This blog is about learning through stories

Welcome to my Story Blog!  There are over 100 useful stories mostly for children but some for adults too.

To read my stories look at the 2 contents pages (with links), top of screen, which list all story subjects and suitable age groups OR go to  ‘categories‘ on right of screen to find what you need, scroll down to find a suitable story.   Or use key words, for example ‘punctuality’, ‘honesty’, etc, in the search box (top right).

This blog can work like a shuttlecock – I tap it over to you and ask  ‘do you need a story for something?’  You reply to me via the comments box to ask me for a story about – for example ‘resilience’, or ‘forgiveness’ and so on.  I need to know the age range of my audience.  

Here’s an example: someone said  “I need a story about being helpful, for six year old children.”   I will see what I can do! You ‘get the shuttlecock back’, with a story and even a picture, if you are lucky!  All for free.

Here’s my shuttlecock, coming your way!shuttlecock006

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The Initiation of Grey Wolf. (story to illustrate the base energy centre)

In the days when men and women roamed the plains and young people had to go through an initiation ceremony before they were accepted as adults, there was a young man. He was Grey Wolf. Now this young man was a gentle person who never wanted to hurt anyone or anything. This made life rather difficult for him, because the Red Man survives by cooperating with animal life, respectfully asking permission to kill, and then killing for food and clothing.

The time came for Grey Wolf to perform his initiation. He had to kill a buffalo. There were many ways to tackle this challenge and Grey Wolf decided that he would get us, his family, to dig a pit on the edge of the forest. His plan was to drive the buffalo into the pit. We dug, all of us. It was a huge pit. My father said it was big enough to catch the whole herd, but he was exaggerating somewhat. We covered the pit with branches and leaves so that it looked just like the rest of the forest floor. It was time for my brother to go. Now he was a very fine horseman. He and his horse moved as one. The horse could tell from the angle and the slightest pressure from his body where he was required to go.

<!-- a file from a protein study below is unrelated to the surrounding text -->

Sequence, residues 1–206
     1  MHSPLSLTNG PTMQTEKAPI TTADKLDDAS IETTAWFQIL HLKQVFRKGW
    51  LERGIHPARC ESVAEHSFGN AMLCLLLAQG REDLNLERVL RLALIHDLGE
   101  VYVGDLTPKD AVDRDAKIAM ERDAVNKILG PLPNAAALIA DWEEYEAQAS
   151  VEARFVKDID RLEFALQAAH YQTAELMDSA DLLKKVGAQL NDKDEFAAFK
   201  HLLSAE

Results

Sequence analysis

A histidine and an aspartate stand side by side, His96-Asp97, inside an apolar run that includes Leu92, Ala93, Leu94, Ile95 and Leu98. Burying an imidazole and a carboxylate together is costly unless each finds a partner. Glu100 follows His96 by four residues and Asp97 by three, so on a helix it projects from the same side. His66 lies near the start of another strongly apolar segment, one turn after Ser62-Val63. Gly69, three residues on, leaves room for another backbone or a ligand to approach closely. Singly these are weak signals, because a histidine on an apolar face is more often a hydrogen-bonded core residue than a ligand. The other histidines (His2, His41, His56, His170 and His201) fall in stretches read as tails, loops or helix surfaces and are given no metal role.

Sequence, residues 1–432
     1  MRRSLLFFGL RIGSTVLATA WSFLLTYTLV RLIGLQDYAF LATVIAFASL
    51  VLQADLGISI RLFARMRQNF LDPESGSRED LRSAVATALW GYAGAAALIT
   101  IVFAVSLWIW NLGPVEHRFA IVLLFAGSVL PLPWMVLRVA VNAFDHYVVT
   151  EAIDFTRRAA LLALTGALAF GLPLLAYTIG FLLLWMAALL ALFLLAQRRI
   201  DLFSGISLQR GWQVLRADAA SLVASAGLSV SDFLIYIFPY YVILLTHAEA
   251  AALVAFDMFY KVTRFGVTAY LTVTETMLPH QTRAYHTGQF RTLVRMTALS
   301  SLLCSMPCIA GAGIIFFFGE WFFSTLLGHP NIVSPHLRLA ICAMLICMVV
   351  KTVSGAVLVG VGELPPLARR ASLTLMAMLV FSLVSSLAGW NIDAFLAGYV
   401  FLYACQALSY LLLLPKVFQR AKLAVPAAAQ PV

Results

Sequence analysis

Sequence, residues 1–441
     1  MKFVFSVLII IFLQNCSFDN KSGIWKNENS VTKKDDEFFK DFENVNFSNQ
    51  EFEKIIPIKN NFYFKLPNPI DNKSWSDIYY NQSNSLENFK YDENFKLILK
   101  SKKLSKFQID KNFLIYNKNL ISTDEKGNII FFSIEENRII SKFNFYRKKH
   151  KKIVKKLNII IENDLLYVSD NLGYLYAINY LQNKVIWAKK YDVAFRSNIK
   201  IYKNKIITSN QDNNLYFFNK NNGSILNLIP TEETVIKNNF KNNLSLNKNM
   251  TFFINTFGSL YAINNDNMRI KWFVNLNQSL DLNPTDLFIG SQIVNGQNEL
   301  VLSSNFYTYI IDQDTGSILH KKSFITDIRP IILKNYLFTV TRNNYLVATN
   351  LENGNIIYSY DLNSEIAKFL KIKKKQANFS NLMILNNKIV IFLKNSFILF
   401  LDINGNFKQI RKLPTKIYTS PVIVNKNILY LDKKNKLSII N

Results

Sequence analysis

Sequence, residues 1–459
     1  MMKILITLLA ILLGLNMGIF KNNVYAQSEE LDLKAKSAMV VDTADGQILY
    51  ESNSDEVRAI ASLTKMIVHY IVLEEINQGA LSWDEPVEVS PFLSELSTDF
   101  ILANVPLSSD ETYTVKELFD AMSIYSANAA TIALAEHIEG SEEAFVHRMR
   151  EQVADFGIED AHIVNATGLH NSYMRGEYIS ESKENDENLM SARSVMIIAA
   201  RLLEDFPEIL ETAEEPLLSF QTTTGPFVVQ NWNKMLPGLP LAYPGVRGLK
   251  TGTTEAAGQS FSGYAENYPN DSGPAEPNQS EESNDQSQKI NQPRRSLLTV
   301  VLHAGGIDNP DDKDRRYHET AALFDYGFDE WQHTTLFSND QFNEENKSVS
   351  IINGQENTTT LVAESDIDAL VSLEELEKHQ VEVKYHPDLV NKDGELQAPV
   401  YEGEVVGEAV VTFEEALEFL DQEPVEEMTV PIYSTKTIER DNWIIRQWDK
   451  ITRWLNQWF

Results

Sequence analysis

A few hours later we heard a great crashing through the trees. It was Grey Wolf. He was driving two buffalo towards the pit! We looked on in amazement. Certainly and surely they neared the hole in the ground, and one after another they fell into it .

The buffalo charged into the pit.

The buffalo charged into the pit.

The first one died instantly, the second he quickly dispatched. Pale and shaking he emerged from the pit. We were all very proud of him. The Chief came to inspect his work:

“I see you were not content to prove you were as strong as one man, you have completed the work of two here, on this day. Well done! You are indeed fit to join the ranks of the men in the tribe.”

And the Chief bestowed an eagle feather head dress upon him. We all looked on in admiration. My brother may not have enjoyed killing, but he knew what had to be done for the survival of the tribe. We must eat, and buffalo is our main source of food. My brother, after that, used to be chosen to do the chasing, and left the killing to the others, but it is all one really. He who eats meat is acknowledging that it is part of Gods plan both in the animal kingdom and in man’s domain.

The base energy centre is situated at  the bottom of the spine.  It is associated with survival, bravery, hunting to feed oneself etc.  To learn more about this centre go to  yogastories.co.uk and look at information on the base chakra in the contents page.

The sacral energy centre, a story to illustrate…

Rainbow Dancer Finds Her Man

There was a young girl in my tribe, she was known as Rainbow Dancer.  A beautiful girl, popular with everyone, several young braves hoped that she would choose one of them.

She always wore the finest leathers. She plaited her hair so neatly and tightly and interwove it with ribbons of cloth that she had dyed different colours.  Rainbow Dancer was waiting.  She knew she must wait for the right man, as none of the young men in the tribe appealed to her.  Her mother had told her that when the right man came she would feel it in her belly.  She did not understand her mother’s words, but she was happy to believe her.